Advice to upcoming Freshmen


welcome freshmen

My personal advice to upcoming freshmen Screenshot by: Ashley Liriano


By: Ashley Liriano

There are a lot of expectations entering high school:  making many new friends, finding the love of your life, excelling academically and socially, the list can go on and on and on. In some cases, this does happen, but in most cases, it doesn’t.

By the end of our high school years, students are left wishing it could happen faster, eagerly waiting graduation day. Now that my high school years are coming to a close, I’ve learned quite a few things along the way.

My first piece of advice for upcoming freshmen would be to take appropriate classes. Don’t take classes that are too easy for you, but don’t take classes that you know will be too challenging for you. Sometimes, you’re just not ready to take a class, and that’s alright. Don’t force yourself to take a class because you think it’ll make you “look good” to colleges.


There’s no point in taking challenging classes if you’re not ready because you’ll get poor grades when you could have earn exceptional grades in a class appropriate for you. As far as grade expectations, it may be annoying or tedious to study or do homework, but you’ll miss out on scholarships and awards in the long run, if you don’t maintain a decent grade point average. The range of schools you can apply to, with a decent chance of getting in, widens when you have exceptional grades.

It shows colleges that you care about your education, but the rewards you can receive from good grades make the hard work worthwhile.

Figure out what you want to do after school. Do you want to enter the workforce, go to college, or take a year off? Whatever you decide to do, make sure it’s in your best interest. Don’t let your parents impose their way, don’t let your friends pressure you, and don’t even let your teachers or guidance counselors persuade you to do something you’re not comfortable with. In the end, it is not them but you who has to live with the decision, so make sure it’s something you want to do.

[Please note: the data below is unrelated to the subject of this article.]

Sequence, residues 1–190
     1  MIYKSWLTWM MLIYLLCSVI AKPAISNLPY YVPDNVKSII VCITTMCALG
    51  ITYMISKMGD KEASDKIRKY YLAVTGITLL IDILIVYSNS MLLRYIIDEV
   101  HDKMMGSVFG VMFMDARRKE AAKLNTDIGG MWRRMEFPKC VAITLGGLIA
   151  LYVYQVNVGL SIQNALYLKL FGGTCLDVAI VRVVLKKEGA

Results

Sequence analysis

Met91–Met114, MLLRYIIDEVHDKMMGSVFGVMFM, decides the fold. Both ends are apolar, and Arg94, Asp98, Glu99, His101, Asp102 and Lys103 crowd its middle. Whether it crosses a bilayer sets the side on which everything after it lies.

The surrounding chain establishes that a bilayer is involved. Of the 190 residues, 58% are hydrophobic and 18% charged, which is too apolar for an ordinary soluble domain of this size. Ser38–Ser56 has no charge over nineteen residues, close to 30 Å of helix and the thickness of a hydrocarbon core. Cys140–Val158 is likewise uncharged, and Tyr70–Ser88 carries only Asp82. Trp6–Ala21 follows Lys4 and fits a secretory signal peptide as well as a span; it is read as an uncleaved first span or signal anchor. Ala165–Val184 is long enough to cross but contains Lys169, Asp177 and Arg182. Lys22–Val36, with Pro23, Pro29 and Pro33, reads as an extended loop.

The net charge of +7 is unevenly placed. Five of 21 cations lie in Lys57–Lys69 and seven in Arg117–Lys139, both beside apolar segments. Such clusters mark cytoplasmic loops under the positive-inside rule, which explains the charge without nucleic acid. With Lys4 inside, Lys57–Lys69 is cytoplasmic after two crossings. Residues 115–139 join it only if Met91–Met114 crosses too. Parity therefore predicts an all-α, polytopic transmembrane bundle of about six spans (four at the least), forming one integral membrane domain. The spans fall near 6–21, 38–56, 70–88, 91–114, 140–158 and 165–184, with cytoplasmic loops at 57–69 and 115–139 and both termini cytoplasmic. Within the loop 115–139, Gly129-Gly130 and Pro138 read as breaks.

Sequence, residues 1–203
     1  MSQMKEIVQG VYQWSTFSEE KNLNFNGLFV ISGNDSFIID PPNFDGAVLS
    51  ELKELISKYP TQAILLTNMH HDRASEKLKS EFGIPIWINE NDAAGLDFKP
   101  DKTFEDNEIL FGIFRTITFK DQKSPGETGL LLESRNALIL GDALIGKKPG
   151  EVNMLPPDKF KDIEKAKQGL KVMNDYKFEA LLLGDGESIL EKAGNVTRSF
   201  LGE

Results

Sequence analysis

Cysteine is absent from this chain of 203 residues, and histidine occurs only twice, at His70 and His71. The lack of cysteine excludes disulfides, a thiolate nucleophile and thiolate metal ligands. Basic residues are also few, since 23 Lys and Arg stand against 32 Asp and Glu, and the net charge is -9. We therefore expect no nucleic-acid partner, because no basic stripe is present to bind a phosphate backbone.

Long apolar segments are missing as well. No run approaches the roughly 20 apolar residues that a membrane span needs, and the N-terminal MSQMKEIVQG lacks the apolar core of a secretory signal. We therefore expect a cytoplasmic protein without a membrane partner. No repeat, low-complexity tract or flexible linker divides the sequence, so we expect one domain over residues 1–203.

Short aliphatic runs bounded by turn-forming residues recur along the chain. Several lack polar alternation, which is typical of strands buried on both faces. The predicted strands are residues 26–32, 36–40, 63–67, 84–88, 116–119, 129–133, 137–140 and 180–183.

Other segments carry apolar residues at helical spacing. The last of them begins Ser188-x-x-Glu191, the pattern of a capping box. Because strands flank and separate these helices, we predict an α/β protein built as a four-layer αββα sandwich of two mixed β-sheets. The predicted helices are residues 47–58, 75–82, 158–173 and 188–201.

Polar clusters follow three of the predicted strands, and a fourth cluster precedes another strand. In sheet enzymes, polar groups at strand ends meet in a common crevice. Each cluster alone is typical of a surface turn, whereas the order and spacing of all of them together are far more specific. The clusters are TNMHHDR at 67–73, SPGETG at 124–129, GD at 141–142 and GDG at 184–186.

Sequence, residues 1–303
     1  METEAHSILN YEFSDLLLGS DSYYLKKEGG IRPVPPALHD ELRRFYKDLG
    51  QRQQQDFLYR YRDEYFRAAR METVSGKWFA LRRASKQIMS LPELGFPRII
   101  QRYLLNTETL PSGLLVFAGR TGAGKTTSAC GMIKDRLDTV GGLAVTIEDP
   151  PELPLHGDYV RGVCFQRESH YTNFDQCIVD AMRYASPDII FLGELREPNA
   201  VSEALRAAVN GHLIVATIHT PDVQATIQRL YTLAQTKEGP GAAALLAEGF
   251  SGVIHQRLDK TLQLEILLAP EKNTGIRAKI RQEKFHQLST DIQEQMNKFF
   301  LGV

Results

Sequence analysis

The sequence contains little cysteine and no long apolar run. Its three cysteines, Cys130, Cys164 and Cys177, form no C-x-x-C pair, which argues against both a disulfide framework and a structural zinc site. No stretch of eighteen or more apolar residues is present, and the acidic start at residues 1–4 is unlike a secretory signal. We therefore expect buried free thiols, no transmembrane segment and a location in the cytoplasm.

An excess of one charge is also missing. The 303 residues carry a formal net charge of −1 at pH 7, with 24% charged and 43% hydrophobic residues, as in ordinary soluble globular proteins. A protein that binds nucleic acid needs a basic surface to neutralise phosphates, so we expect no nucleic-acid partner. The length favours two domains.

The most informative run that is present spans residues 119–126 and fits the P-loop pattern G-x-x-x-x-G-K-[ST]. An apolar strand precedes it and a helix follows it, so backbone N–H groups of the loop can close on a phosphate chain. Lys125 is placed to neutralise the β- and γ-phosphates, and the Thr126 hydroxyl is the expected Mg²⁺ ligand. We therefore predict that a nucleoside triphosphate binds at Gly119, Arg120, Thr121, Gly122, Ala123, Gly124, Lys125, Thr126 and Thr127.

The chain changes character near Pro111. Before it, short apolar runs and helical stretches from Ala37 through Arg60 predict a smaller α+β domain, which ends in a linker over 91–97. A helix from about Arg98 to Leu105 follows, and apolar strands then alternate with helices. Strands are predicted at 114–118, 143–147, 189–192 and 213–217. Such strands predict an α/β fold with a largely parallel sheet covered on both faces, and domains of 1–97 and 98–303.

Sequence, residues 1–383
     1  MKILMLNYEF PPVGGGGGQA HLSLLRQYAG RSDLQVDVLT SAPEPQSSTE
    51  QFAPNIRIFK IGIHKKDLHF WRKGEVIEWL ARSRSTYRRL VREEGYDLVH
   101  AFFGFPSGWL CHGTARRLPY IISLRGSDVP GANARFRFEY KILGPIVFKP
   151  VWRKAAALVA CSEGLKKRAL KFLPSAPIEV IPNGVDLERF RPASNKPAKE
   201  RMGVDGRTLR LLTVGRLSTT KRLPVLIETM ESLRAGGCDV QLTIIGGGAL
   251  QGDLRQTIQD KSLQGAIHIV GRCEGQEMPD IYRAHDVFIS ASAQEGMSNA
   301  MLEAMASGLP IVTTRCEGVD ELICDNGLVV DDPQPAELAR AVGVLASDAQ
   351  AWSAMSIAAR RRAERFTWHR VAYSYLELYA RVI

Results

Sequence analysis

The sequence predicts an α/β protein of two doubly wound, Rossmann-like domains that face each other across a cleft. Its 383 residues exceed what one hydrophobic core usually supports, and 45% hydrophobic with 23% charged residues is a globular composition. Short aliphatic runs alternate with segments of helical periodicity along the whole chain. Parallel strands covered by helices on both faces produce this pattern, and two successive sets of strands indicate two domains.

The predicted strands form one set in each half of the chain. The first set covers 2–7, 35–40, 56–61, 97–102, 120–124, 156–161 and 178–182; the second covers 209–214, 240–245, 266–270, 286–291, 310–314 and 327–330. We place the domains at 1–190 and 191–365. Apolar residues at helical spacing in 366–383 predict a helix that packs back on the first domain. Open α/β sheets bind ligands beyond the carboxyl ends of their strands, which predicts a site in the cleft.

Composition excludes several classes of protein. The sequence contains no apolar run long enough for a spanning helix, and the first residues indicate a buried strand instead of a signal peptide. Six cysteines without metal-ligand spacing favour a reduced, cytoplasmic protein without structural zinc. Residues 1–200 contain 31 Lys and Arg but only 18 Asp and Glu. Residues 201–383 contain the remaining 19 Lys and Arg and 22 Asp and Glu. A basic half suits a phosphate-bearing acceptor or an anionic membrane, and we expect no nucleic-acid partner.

Figure out what your interests are and what you thoroughly enjoy. What can you spend hours on end doing and not get bored? This could lead you to your passion and further clear the path for what you want to do in life.

Don’t pay too much attention to other people, do what’s best for you, and take care of yourself. Friends are great to have, but sometimes you need to let them go. If they don’t have your best interest at heart and putting you into situations that are detrimental for you, you have to weigh the option of keeping or dropping them. It may be hard, but it also may be necessary.

Your high school years are the time to have fun, but you don’t need to be getting in petty trouble because real life will hit you hard. Ultimately, enjoy high school. High school is the only time you don’t have any real responsibilities, but you shouldn’t act recklessly. Just have fun and work hard.